BALLAST WATER MANAGEMENT

Example Species
Ballast Water Exchange
Most aquatic organisms can only withstand a narrow salinity range, and exposure to salinities outside the range can be lethal. Ballast water exchange is based on this physiological principle. Vessels pick up ballast water from coastal, river, and estuarine ports that is relatively low in salinity. When the ballast water is exchanged on the high seas, the organisms cannot survive the higher salinity environment of the open ocean.
Smithsonian Institution
Similarly, the organisms in the new open-ocean ballast water cannot survive the lower salinity environment of the destination port. Without mid-ocean BWE, organisms in low salinity water from the source port would survive when released into low salinity waters of the destination port.
Unfortunately, ballast water exchange has many weaknesses that prevent it from being an effective mechanism for preventing the introduction of nonindigenous species. Many ports have salinities that are similar to open-ocean water, so organisms do not die upon release at the destination port. If the salinities are sufficiently different, many organisms can form cysts if environmental conditions become inhospitable, which allows them to survive the change in salinities.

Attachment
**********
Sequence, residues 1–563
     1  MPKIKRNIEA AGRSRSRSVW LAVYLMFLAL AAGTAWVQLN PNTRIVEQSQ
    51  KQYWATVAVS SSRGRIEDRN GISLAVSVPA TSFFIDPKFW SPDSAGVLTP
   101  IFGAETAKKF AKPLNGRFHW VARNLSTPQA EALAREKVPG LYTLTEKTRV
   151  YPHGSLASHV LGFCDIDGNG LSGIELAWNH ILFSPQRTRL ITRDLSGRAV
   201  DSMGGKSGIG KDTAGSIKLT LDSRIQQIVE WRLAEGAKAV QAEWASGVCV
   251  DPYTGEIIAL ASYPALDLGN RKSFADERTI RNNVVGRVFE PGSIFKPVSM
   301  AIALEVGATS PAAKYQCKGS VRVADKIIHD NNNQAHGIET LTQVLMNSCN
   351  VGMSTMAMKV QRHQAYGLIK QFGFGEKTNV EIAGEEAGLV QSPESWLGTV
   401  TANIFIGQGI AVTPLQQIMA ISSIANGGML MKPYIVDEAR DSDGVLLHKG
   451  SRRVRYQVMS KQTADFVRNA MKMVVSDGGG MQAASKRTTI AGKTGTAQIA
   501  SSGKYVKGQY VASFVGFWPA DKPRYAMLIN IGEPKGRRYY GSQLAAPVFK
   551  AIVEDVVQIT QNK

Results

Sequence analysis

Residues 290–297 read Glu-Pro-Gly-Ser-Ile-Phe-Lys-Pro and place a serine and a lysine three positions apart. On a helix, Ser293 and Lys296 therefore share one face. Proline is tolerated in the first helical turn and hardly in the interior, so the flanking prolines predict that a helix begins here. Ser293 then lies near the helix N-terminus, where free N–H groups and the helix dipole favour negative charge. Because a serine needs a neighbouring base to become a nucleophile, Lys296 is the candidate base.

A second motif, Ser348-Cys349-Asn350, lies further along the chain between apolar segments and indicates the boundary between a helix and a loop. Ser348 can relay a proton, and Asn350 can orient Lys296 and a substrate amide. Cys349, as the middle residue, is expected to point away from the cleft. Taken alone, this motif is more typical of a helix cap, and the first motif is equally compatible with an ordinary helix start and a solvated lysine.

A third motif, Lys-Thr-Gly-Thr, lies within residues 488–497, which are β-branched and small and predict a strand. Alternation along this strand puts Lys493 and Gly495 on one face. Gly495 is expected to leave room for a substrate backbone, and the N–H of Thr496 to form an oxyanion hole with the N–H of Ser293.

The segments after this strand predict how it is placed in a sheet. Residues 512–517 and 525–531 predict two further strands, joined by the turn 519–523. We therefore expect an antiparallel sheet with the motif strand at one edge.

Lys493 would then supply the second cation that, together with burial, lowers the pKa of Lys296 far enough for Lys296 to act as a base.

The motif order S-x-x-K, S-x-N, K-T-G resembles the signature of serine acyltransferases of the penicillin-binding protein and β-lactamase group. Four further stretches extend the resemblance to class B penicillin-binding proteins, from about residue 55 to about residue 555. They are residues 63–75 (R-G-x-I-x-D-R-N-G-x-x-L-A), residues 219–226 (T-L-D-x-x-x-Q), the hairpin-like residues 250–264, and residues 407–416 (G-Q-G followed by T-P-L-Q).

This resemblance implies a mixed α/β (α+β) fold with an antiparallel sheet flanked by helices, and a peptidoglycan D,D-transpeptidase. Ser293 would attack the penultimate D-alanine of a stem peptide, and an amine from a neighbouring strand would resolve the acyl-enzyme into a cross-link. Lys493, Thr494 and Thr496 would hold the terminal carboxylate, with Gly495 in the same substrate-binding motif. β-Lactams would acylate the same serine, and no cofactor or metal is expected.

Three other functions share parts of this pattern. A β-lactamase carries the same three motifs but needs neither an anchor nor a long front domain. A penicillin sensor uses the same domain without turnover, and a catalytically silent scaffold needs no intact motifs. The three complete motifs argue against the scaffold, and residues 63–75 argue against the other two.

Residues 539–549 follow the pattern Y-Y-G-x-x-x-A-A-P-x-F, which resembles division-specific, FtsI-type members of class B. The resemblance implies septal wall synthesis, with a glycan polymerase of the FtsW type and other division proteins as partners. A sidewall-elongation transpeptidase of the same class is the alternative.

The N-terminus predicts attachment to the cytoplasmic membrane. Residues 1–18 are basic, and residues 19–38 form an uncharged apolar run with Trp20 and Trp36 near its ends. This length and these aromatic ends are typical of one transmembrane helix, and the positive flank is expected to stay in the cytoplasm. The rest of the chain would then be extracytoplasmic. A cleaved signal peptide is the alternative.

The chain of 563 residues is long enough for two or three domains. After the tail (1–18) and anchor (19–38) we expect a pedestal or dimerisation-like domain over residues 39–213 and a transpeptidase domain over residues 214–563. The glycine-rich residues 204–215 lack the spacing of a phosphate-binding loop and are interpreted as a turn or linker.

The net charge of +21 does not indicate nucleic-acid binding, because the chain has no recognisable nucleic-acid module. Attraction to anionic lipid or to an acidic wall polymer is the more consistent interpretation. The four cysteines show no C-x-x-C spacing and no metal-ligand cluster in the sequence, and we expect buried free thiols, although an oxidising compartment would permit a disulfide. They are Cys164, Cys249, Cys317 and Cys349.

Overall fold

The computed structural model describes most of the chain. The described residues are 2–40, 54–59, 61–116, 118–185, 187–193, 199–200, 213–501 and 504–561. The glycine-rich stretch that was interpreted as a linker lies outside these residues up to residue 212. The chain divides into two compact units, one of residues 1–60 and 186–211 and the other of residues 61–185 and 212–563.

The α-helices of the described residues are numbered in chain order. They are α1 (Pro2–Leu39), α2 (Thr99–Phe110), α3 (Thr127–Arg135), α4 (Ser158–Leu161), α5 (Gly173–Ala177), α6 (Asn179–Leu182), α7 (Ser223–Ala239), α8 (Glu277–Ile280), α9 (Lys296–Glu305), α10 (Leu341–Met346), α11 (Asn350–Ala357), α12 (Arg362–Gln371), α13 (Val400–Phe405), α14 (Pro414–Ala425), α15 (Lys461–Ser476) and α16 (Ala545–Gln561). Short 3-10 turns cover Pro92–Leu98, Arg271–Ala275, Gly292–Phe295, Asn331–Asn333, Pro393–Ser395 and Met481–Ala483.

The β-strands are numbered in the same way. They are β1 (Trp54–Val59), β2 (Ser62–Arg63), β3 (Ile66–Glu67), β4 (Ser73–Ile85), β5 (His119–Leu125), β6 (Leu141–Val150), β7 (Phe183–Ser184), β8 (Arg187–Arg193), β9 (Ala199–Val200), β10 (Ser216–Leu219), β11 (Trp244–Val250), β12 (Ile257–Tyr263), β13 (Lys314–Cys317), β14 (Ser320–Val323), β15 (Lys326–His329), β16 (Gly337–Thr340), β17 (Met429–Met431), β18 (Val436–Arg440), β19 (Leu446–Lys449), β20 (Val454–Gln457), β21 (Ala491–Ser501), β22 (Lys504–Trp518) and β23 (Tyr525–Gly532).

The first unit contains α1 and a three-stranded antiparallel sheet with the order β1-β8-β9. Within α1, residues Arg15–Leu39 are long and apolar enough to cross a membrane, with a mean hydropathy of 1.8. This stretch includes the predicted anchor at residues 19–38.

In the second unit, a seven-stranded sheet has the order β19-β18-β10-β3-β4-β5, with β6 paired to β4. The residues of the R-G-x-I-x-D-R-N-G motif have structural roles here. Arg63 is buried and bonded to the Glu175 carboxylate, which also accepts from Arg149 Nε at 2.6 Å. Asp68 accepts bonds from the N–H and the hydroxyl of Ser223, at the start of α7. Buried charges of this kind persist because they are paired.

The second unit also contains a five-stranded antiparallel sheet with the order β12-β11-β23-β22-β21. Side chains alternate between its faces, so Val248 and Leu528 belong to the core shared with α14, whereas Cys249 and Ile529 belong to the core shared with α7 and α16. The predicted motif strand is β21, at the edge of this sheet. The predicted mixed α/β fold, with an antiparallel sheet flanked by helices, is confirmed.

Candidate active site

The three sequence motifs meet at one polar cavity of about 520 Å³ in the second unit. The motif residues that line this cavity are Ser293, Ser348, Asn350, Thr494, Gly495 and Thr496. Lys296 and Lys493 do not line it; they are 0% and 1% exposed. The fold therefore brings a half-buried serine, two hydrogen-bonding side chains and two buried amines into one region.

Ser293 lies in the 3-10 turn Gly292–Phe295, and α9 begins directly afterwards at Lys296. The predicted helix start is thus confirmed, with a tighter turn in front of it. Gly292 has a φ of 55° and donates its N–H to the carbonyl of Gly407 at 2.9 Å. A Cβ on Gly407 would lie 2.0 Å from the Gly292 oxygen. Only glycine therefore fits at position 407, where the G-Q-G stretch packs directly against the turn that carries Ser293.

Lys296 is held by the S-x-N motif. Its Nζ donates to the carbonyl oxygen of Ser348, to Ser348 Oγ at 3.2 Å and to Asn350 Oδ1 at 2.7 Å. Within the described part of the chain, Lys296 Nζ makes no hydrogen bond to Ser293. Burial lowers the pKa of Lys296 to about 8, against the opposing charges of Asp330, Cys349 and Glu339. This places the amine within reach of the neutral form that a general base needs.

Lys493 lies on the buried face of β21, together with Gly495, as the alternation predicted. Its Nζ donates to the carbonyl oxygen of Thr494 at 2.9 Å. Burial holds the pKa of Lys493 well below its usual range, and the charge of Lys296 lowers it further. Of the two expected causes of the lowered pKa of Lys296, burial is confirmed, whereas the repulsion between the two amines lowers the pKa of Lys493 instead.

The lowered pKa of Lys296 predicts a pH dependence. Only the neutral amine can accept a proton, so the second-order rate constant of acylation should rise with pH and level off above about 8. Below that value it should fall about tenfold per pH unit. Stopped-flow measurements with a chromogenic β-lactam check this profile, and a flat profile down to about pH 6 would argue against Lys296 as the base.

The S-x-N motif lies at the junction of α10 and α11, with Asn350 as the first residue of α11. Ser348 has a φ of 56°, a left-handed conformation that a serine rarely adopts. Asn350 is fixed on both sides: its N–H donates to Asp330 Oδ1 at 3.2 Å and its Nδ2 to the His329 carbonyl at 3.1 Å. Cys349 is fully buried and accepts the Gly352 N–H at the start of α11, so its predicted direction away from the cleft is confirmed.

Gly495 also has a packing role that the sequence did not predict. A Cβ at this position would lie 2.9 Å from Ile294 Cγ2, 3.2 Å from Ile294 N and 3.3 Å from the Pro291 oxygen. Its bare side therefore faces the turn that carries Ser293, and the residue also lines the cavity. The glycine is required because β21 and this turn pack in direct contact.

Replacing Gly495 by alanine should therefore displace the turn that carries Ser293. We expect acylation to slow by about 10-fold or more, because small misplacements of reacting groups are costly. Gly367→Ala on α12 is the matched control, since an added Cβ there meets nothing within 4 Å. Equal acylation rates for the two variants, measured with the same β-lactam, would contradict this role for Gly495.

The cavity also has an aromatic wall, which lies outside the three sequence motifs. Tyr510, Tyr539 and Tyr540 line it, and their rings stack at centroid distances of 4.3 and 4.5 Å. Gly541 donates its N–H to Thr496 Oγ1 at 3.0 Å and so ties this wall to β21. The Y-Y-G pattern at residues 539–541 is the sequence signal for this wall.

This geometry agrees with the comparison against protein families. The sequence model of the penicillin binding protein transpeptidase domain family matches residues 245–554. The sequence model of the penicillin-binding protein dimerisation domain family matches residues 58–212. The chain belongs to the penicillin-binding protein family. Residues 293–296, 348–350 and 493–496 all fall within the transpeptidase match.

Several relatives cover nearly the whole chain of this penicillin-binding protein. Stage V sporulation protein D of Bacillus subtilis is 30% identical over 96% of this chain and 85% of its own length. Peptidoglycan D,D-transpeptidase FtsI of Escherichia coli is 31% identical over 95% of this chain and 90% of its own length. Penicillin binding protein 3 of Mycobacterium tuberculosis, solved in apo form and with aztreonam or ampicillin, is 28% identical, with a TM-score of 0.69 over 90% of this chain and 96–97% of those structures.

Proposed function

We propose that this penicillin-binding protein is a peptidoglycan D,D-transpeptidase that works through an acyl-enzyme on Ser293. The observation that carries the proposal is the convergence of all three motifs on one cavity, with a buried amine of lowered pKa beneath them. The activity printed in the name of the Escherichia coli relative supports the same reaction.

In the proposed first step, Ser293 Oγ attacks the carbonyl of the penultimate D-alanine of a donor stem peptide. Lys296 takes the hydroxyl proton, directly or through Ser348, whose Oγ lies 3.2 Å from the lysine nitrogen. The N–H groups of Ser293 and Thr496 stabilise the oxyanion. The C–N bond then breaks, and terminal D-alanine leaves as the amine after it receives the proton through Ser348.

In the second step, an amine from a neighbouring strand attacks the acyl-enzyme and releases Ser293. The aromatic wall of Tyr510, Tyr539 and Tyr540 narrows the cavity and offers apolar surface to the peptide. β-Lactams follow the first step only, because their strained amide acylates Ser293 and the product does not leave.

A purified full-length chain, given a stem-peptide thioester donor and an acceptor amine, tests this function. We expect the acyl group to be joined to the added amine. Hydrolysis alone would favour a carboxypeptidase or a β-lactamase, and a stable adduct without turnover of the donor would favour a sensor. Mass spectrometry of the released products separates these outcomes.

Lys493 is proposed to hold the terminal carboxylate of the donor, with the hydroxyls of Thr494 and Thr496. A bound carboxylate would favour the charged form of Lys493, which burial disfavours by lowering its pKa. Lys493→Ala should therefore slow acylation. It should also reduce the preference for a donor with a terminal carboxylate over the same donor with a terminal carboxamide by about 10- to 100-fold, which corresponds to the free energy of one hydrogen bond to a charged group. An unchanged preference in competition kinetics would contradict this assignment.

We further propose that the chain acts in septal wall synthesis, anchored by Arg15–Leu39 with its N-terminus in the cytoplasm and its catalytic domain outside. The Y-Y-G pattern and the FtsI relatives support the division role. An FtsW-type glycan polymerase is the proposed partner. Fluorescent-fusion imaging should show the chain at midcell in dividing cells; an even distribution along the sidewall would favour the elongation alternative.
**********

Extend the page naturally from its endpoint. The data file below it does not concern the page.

There are also weaknesses in the physical process of ballast water exchange. BWE cannot be performed under rough sea conditions because it decreases the ship’s stability and poses a safety threat. When BWE is performed, less than 100% of the water is exchanged as “nooks and crannies” trap pockets of water. Even if most of the water is removed, sediment and residual water remain at the bottom of the tanks. Large communities of benthic organisms may reside in the sediment. As ballast water is added and then removed, some of the sediment and organisms may be re-suspended and released.

 

Ballast Water Treatment (BWT)
Instead of mid-ocean ballast exchange, ship owners may treat their ballast water to kill the aquatic organisms. Researchers are exploring a variety of treatment methods. Mechanical treatments include filtration and separation (via centrifuge). Physical treatments include the application of ultraviolet (UV) light, electric currents, or heat. Other potential physical methods consist of ozone injection and deoxygenation. Chemical treatments use biocides to sterilize the water. These methods may be used in combination for greater effectiveness.

Hyde Marine
Ballast water treatments must be safe for both the crew and the environment and be cost-effective. They must be effective at removing the organisms and be able to work for large volumes of water (11) Scientists and engineers are still researching and developing these techniques. A combination of microfiltration and UV radiation appears promising. However, currently no BWT meets Coast Guard specifications for effective removal of organisms.